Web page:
I run like my pants are on fire and the coach screams at me to run faster. I round first and head for second and everyone is yelling for me to keep going. I tag second and I stride for third. I land on third as the baseball lands in the in-field. I stay on third and the crowd, my bench, my friends and my family go crazy. Three runs score and I stand on third. The emotions are filling my chest and trying to escape through my tear ducts. My smile stretches from ear to ear and I manage to damn up my tears. I got it right.
The next batter hits me home and I return to the bench a hero. Some how they get the last out on us and the game is over. We win the championship game.
We cheer, scream, and yell for the next 5 minutes because that is the only way we know how to celebrate. Coach Shade cuts our celebration short as he out yells us all. “Quiet down, quiet down we still have to give out the game ball. That was a great game, a tough game but we pulled it out and we could not have done it without… the excellent pitching of my son, Peter.” He awards his son the game ball and says nothing to me and I am glad.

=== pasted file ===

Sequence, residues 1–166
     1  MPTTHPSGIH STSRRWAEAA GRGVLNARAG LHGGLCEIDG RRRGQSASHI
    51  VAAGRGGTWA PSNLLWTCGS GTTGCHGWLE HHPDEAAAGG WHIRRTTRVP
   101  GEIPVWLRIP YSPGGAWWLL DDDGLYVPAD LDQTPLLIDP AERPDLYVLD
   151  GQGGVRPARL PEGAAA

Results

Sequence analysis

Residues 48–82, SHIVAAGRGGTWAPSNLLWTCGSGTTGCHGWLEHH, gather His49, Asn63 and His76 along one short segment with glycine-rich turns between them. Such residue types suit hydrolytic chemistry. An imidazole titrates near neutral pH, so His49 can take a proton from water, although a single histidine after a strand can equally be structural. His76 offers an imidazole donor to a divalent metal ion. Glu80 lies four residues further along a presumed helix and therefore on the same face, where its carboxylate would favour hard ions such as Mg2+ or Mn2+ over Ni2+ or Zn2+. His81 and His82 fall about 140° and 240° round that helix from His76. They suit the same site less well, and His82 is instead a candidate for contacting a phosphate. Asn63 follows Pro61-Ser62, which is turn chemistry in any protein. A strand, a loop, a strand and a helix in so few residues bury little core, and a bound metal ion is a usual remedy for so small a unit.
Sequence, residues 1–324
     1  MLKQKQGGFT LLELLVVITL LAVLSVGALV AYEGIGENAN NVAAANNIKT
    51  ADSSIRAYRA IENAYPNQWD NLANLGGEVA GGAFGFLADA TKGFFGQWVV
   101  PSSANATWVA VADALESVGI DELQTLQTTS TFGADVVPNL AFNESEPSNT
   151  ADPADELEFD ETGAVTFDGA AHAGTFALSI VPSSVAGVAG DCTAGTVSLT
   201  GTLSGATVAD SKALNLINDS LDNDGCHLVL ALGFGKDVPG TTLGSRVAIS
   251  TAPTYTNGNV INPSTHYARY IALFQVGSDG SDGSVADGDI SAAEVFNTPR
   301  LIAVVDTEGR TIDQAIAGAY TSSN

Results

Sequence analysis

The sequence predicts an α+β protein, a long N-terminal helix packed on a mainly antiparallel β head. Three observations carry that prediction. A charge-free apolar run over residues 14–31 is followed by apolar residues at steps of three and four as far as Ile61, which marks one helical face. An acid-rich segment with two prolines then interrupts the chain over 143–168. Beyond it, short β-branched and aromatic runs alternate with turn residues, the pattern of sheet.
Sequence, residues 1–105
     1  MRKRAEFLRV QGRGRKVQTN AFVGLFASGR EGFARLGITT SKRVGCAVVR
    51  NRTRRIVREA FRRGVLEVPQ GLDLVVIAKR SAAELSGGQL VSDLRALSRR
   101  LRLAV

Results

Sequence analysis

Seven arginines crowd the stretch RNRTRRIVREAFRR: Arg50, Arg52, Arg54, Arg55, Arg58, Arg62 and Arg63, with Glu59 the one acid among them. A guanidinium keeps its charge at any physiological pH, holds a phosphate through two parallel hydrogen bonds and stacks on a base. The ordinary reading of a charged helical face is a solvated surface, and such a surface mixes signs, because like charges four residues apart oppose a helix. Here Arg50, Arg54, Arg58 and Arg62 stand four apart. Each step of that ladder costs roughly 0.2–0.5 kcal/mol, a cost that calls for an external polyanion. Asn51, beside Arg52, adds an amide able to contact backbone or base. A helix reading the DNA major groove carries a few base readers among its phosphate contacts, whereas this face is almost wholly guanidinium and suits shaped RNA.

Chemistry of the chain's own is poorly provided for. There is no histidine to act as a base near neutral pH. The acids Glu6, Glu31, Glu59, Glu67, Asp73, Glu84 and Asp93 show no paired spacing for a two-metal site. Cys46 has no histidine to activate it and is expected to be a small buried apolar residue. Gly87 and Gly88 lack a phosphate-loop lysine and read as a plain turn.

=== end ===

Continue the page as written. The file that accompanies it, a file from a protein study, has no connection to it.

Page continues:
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The flames shot skyward like they were reaching for the moon.  The beautiful colors of orange and yellow mixed with blue in the flames ate away at the wooden cross that was planted in the front yard of our Monroe street home in Dearborn, Michigan in the summer of 1968. The sound of voices in the early summer morning hours on our front lawn brought Mom and Dad out of their restful sleep.  Dad rocketed to the two bedrooms across the hall  that housed the four kids. Mom sprung out of bed as she saw the reflections of the fire in the front yard on the ceiling and walls of her second story bedroom.  She jumped to the window only to see a blurry glow of fire in the yard below.  Her ejection from bed was done without her cat-eye glasses so her vision was limited to shadows and flickering lights.  Her mind recognized it was a fire somewhere down below but, her near sighted eyes could not focus as to what was on fire.